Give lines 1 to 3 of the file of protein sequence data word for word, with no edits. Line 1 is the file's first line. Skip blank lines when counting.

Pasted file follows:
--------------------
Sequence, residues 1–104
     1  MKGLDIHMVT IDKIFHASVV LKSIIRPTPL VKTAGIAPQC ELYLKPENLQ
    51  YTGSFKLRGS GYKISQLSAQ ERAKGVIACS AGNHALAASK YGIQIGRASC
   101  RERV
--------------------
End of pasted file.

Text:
Sequence, residues 1–104
     1  MKGLDIHMVT IDKIFHASVV LKSIIRPTPL VKTAGIAPQC ELYLKPENLQ
    51  YTGSFKLRGS GYKISQLSAQ ERAKGVIACS AGNHALAASK YGIQIGRASC